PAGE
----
Claeys and Deyle said the program was easy for the operators to learn. The intuitive user interface was especially helpful because it simplified use and training, as well as sped up the process of learning the program. The interface includes a simple layout, as well as advanced parameters that the program applies on-the-fly.

"Training the workers [during the prototype phase] only took half an hour," Deyle said. "The program is pretty basic. You have a DXF or drawing file, you bring it in, you drag it down, and you set your parts and lead-ins."

The new software provides Deyle with a process parameter spreadsheet for each laser. If a problem arises during cutting, he can change parameters from his office.

According to Deyle, the new program enables much more control over process specifications.

"If we want to change a cutting technique, all we have to do is go into the spreadsheet, boom, done," Deyle said. "On our other program, we had to go in and change each setting. It was a lot more time-consuming, and you never knew what you were getting until you [saw the results]."

Turning Hours Into Minutes and Overhauls Into Tweaks

Throughout this process, Bobcat learned how important it is for a software provider to be readily available to help solve problems during cutting—an approach that just wasn't possible with the company's previous software provider, Claeys explained. It was possible for the company to lose hours or days of production and programming time while waiting for an adviser.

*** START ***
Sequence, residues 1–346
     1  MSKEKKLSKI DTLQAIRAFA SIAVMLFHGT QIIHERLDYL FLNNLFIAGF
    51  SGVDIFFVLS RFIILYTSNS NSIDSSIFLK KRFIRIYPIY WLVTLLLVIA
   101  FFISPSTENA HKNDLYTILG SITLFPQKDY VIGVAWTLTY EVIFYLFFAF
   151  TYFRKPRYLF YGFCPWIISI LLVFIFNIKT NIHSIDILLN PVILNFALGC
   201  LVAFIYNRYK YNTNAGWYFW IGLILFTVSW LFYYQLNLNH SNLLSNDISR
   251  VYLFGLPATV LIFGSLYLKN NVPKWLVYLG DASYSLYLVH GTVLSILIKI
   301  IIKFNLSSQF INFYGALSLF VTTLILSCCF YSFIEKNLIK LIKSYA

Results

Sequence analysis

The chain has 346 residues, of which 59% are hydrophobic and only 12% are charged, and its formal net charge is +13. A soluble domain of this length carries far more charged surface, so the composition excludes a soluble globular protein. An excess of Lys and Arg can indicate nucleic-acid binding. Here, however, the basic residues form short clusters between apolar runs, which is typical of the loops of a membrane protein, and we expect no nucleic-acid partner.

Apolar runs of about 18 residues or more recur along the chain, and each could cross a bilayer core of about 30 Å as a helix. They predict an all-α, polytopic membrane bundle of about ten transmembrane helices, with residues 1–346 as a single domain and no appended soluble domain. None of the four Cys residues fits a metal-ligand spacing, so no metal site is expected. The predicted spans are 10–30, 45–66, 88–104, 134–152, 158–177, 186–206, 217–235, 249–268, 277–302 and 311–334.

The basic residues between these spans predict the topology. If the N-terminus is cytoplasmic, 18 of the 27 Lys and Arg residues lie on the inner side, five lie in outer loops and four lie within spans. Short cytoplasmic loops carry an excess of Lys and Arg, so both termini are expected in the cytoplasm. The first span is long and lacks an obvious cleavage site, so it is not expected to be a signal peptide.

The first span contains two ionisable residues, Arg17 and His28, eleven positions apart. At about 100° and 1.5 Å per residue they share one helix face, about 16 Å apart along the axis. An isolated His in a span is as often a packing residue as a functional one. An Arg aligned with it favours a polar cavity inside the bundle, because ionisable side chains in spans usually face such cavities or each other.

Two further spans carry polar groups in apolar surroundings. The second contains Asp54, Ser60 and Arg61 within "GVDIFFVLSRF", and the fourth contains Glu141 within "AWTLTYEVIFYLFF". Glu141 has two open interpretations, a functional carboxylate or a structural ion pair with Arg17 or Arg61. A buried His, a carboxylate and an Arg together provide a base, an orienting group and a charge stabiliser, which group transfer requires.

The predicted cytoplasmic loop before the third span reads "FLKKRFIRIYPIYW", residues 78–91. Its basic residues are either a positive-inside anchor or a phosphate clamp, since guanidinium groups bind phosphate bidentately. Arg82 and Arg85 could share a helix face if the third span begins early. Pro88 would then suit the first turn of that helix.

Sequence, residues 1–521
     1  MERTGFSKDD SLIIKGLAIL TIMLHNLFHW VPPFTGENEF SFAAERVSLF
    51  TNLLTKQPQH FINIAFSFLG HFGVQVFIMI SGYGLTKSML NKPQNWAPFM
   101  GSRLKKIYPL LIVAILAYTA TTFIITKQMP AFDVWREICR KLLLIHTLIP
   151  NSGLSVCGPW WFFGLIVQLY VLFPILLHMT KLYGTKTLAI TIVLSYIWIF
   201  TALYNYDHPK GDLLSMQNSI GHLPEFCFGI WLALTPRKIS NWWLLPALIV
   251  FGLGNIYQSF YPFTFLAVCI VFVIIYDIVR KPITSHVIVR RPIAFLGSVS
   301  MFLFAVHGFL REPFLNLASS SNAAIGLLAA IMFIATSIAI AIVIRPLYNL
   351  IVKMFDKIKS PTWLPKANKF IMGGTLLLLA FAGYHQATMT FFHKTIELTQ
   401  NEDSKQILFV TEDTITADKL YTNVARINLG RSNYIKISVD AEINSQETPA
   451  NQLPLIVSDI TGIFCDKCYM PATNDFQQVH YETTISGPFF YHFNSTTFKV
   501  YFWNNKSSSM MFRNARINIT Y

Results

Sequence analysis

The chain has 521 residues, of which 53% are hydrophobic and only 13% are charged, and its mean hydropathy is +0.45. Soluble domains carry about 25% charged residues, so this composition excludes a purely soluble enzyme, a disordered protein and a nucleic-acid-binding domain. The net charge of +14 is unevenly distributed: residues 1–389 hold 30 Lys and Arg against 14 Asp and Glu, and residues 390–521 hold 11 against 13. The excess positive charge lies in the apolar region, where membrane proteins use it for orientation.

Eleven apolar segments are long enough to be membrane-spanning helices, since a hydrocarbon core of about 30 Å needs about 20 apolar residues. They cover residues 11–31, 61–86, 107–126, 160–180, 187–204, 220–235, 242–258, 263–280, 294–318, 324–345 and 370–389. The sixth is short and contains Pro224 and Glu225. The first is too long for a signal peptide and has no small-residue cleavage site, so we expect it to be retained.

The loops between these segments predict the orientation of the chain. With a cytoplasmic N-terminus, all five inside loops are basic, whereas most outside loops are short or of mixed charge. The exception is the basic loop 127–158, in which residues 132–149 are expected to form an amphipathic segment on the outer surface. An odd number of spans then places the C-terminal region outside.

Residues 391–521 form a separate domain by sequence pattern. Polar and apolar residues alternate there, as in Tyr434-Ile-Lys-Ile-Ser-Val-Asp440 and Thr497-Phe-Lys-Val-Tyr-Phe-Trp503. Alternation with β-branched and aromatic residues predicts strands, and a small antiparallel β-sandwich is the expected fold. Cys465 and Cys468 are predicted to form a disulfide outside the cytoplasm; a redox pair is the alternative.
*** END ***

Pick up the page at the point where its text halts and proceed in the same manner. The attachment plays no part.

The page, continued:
"They were very helpful, but a lot of times the people who needed to answer the questions were overseas, so we were always off by 12 hours," he said. "If we wanted a problem fixed, we had to call them at home or wait until the next day to get an answer. Then we wouldn't be at work [when they tried to call us]. We went back and forth, and if we had a major issue that couldn't be done over the phone, they would have to come in and do it instead of doing it in a Web meeting."

Bobcat also learned the benefits of using a nesting program that is modular. This allows the company to purchase customized software that fits its specific needs, and it doesn't have to buy an entire software package with features it doesn't need.

That's a message that doesn't weigh heavily on Bobcat's efforts to seek out shop floor efficiencies.

Michael Bishop

Michael Bishop

Contributing Writer

Published In...



The FABRICATOR is North America's leading magazine for the metal forming and fabricating industry. The magazine delivers the news, technical articles, and case histories that enable fabricators to do their jobs more efficiently. The FABRICATOR has served the industry since 1971.

Preview the Digital Edition

Subscribe to The FABRICATOR

Read more from this issue